Public Health and Climate

Cascading Complexity: Models, Tsetse, Climate Change and Agriculture. Joe Messina

Joe Messina documents his work in East Africa where researchers look at the data like the tsetse would, selecting habitats based on desirable conditions of rainfall, temperature and soil moisture. The MSU team developed a model programmed to identify the most attractive habitats and predict the time when the pests could arrive in those places. This information creates a more effective eradication campaign, Messina says, attacking insects where they are in the present, rather than where they were a few years ago.

Climate Change: Implications for Public Health

How the vectors and ecology of infectious disease alter as the globe warms is one of the most poorly understood topics in climate change science, but most important for human health.  Globally, infectious disease accounts for 1/3 of the 52 million people who die each year1, most of them in the lower latitudes. Recent experience with West Nile Virus in our own country reminds us how fast a new disease can spread, and the opportunities for it to do so in a warming world.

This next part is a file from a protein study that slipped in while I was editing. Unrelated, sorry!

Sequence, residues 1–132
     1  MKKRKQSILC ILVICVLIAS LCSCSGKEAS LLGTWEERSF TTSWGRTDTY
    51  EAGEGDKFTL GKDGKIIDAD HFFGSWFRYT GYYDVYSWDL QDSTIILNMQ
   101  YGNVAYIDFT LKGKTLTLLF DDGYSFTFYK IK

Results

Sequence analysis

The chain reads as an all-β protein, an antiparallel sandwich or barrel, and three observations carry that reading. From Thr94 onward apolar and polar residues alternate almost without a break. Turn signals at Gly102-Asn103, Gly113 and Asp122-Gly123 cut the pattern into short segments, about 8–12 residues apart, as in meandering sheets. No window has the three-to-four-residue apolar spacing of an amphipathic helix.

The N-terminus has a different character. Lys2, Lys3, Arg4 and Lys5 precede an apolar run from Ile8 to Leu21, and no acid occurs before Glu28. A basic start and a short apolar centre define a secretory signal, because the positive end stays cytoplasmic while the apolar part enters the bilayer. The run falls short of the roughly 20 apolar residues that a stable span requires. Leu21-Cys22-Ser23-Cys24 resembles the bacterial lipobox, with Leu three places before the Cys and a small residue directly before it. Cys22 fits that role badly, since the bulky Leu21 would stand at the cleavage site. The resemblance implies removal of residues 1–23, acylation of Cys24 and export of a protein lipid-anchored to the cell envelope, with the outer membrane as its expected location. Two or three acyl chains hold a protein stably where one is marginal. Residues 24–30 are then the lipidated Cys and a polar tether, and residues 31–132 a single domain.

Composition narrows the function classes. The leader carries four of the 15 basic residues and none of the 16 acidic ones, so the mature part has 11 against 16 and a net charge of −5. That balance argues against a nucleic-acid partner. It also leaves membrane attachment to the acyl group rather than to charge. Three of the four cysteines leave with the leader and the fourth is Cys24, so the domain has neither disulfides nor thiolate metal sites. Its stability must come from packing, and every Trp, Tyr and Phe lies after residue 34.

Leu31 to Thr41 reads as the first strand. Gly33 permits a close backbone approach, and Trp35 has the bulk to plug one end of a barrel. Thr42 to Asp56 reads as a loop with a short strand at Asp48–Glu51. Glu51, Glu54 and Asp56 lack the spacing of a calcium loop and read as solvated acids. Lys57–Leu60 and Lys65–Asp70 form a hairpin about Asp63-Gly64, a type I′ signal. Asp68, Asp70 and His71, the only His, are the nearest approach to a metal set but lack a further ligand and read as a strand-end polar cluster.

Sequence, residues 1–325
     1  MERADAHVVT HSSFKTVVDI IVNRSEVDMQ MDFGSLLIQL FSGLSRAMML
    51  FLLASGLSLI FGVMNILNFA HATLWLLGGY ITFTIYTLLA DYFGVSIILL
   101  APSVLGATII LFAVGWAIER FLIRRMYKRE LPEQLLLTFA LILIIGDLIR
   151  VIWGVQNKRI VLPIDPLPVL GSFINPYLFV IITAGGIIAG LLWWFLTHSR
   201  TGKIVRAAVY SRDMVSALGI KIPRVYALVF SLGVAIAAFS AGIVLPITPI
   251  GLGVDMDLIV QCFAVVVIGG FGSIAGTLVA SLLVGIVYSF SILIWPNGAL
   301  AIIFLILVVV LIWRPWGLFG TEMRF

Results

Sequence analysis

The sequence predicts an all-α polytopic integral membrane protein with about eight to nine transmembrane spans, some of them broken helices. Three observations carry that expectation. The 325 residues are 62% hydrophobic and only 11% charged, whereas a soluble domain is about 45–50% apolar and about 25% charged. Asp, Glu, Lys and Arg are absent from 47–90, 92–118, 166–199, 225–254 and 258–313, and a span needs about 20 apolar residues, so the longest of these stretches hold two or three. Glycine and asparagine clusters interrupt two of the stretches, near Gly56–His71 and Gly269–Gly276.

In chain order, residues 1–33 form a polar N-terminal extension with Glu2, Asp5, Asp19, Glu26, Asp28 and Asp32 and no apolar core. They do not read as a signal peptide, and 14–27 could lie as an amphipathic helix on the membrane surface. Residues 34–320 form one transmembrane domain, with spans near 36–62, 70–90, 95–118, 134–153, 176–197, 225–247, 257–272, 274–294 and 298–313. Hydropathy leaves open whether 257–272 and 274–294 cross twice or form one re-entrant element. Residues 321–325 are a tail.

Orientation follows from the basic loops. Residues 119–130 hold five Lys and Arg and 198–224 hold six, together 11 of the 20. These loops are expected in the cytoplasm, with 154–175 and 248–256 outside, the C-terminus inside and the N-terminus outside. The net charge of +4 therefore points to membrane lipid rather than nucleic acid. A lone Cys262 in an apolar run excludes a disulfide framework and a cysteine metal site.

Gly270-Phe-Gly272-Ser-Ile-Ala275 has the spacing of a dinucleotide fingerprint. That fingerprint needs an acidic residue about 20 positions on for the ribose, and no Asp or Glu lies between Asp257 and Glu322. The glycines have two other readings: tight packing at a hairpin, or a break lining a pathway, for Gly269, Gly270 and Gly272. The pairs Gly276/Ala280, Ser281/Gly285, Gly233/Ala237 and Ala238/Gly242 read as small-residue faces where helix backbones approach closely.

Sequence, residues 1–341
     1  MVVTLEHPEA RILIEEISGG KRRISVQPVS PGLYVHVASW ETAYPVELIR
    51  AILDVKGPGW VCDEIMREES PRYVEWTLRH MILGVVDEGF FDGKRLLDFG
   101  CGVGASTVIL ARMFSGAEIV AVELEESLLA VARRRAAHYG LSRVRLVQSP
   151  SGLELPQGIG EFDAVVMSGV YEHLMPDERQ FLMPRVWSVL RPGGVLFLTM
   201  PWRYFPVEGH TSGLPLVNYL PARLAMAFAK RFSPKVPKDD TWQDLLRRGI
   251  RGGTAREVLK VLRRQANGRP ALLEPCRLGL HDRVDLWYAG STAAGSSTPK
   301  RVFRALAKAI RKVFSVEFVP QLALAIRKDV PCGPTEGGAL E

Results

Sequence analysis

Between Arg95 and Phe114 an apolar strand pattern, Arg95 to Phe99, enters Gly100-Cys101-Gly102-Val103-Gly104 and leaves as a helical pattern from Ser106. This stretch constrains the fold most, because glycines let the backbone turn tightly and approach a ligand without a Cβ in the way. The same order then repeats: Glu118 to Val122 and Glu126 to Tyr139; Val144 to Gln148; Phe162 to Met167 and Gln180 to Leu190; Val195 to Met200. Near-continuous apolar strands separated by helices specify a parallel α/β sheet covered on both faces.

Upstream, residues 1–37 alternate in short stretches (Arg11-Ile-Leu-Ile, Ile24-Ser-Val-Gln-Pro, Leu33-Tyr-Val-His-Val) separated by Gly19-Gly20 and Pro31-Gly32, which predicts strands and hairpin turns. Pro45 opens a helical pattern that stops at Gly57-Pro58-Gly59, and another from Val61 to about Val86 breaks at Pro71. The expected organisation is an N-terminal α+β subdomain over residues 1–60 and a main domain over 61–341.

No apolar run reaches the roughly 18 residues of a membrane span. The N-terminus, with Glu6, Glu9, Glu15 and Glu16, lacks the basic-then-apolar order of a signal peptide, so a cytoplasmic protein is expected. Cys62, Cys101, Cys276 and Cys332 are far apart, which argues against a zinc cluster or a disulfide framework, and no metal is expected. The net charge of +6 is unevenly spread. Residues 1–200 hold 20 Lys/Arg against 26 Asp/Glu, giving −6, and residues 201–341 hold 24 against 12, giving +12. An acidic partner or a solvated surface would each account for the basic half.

Jeffrey Shaman: Local Hydrologic and Meteorologic Constraints on Infectious Disease Transmission

Jeffrey Shaman studies the intersection of climate, atmospheric science, hydrology and biology. His talk covers the environmental determinants of infectious disease transmission and in particular, how hydrologic variability affects mosquito ecology and mosquito-borne disease transmission, and how atmospheric conditions impact …

Climate and the Seasonality of Respiratory Infections: A Conundrum Across Latitudes. Wladimir Alonso

Wladimir Alonso explains the scientific possibilities and challenges in the investigation of the seasonal patterns of diseases in general and respiratory infections in particular. A demonstration of how students can reveal original epidemiological patterns by exploring ancient and contemporary datasets is demonstrated with the help of a free analytical software developed by the author.

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